For now, an armistice has been called and Parkinson’s is not advancing. I am temporarily healed but not cured. Every day that my allies and I hold back the enemy is another day that doctors, researchers, pharmaceutical companies and patients have to find a cure. The clock is ticking, but organizations like the Michael J. Fox and Parkinson’s Foundations are fighting for me and all my fellow parkies. There is hope.

The worst case and unlikely scenario is, of course, is that the enemy will cause me to die of complications related to Parkinson’s. What if alpha synuclein and its allies come for me in the form of powerful monsters, vampires ready to suck the last drops of dopamine from my body? What if these hideous black and gray monsters, dripping with slime, surround me, covering the floor and slithering up the walls and ceiling? Once they think they have me surrounded, however, I will vanish, leaving only an old fashioned reel to reel recorder when the terrorist press play they will hear:

Dear Parkinson’s Disease,

“You have lost and there will be opportunity to surrender. Fortunately for me, you forgot what the war was about. While you slowly attacked my body, I was busy enjoying my life, being a father, grandfather, husband and friend. I had a good quality of life and enjoyed a successful career. I danced, boxed, swam, loved and laughed. While I accepted your presence, I never lived in fear. I volunteered, contributed to articles and took part in research studies right under your very nose! You also failed to remember that you did not enter my body genetically and cannot invade future generations. I can see my legacy; where is yours? Is reality beginning to set in? Your host lived a long, full and happy life and now, you have no home in which to survive. This message will self-destruct in 5, 4, 3, 2, 1...”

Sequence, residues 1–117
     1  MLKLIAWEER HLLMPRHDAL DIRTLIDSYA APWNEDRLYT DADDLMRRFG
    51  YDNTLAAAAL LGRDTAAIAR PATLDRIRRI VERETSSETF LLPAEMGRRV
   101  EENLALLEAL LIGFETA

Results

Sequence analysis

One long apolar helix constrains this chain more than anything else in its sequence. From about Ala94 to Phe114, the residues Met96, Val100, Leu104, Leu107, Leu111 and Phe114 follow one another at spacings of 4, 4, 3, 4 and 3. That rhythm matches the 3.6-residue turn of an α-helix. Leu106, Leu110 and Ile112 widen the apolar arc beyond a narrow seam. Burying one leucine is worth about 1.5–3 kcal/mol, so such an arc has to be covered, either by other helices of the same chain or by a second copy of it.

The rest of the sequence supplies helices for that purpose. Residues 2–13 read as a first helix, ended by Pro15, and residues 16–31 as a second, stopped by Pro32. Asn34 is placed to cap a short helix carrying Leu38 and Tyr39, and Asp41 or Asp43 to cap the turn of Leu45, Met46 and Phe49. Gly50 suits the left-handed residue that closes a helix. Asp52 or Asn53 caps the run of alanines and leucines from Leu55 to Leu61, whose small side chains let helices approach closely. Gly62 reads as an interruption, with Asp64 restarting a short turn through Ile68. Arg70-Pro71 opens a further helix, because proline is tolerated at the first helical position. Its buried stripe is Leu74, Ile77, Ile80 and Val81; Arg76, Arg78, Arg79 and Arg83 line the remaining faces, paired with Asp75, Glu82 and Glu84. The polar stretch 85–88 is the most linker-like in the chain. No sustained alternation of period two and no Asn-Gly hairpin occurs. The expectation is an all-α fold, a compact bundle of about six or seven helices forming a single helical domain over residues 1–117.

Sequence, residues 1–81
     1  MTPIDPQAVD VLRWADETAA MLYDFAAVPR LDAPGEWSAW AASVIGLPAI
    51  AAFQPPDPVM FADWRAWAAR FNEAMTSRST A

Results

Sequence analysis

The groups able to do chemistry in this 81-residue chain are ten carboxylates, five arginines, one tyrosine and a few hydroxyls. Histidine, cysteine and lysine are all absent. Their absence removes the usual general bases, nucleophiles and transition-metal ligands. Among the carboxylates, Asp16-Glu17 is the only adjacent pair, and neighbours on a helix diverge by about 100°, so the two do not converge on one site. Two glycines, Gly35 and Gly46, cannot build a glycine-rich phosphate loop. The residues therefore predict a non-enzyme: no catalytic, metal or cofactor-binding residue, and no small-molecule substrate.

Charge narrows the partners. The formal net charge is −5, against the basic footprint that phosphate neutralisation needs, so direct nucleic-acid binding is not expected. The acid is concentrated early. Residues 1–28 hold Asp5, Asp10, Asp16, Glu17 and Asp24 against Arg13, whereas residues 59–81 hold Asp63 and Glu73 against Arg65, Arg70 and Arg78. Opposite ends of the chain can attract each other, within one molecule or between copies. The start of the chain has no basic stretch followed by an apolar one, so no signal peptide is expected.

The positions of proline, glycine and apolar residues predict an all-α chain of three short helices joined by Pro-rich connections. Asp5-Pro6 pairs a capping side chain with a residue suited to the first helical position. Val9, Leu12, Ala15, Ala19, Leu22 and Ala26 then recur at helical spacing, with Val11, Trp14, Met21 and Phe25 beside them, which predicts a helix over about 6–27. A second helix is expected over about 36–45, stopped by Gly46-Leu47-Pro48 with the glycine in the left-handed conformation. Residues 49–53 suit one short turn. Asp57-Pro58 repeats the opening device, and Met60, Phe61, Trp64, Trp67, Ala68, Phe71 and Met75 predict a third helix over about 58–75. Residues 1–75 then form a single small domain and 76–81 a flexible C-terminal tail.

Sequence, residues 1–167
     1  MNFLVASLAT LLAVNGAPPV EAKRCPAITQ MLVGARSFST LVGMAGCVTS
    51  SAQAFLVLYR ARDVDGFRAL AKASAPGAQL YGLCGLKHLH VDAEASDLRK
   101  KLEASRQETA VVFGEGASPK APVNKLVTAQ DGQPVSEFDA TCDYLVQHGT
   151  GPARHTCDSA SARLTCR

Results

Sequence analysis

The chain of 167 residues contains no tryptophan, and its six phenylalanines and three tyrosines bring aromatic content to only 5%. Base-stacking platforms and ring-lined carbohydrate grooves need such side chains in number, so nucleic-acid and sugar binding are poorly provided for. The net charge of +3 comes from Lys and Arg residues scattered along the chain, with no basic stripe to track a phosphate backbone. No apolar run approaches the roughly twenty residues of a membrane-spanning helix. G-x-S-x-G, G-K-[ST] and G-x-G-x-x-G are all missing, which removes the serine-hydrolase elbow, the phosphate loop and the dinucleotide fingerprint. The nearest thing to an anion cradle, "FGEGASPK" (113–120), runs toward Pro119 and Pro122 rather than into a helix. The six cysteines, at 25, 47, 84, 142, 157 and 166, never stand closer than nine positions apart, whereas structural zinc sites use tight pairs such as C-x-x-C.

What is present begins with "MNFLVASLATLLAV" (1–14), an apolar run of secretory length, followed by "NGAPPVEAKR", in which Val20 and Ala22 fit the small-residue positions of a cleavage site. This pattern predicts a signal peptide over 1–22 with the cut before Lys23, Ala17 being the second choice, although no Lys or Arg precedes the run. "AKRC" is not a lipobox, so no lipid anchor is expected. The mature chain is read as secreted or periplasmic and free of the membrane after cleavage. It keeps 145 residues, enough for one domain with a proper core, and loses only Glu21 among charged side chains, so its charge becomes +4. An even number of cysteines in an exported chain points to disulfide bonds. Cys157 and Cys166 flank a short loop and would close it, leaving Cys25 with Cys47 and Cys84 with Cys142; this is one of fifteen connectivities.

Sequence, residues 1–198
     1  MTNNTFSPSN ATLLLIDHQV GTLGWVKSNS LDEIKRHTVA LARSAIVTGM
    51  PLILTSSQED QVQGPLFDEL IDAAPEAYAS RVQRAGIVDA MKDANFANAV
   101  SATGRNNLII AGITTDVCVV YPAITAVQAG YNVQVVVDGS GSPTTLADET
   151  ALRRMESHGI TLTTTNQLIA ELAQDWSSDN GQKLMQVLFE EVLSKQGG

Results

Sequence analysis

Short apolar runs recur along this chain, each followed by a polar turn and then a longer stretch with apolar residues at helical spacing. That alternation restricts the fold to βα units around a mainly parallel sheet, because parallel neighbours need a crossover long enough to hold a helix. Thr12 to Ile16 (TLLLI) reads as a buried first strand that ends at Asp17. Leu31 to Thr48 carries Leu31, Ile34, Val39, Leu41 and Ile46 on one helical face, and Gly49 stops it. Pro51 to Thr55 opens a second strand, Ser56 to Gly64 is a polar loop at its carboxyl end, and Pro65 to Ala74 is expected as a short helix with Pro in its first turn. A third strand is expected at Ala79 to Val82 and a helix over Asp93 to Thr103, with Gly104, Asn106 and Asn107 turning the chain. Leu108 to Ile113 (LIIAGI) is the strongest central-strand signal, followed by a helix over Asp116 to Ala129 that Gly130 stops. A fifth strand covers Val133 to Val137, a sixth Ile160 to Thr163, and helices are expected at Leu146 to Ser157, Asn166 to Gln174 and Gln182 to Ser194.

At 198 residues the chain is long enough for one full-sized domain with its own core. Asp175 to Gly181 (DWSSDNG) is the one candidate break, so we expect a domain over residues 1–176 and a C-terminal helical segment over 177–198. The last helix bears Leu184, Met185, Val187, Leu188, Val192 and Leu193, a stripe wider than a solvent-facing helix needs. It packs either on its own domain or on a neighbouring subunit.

All diseases are terrorist. They secretly enter our bodies and wreak havoc. The secret to defeating a terrorist organization is not to wipe them out or destroy them, but to keep them from accomplishing their mission. If you live for today and do not allow the invaders to terrorize you will have won. The best part is that is a battle you will enjoy fighting!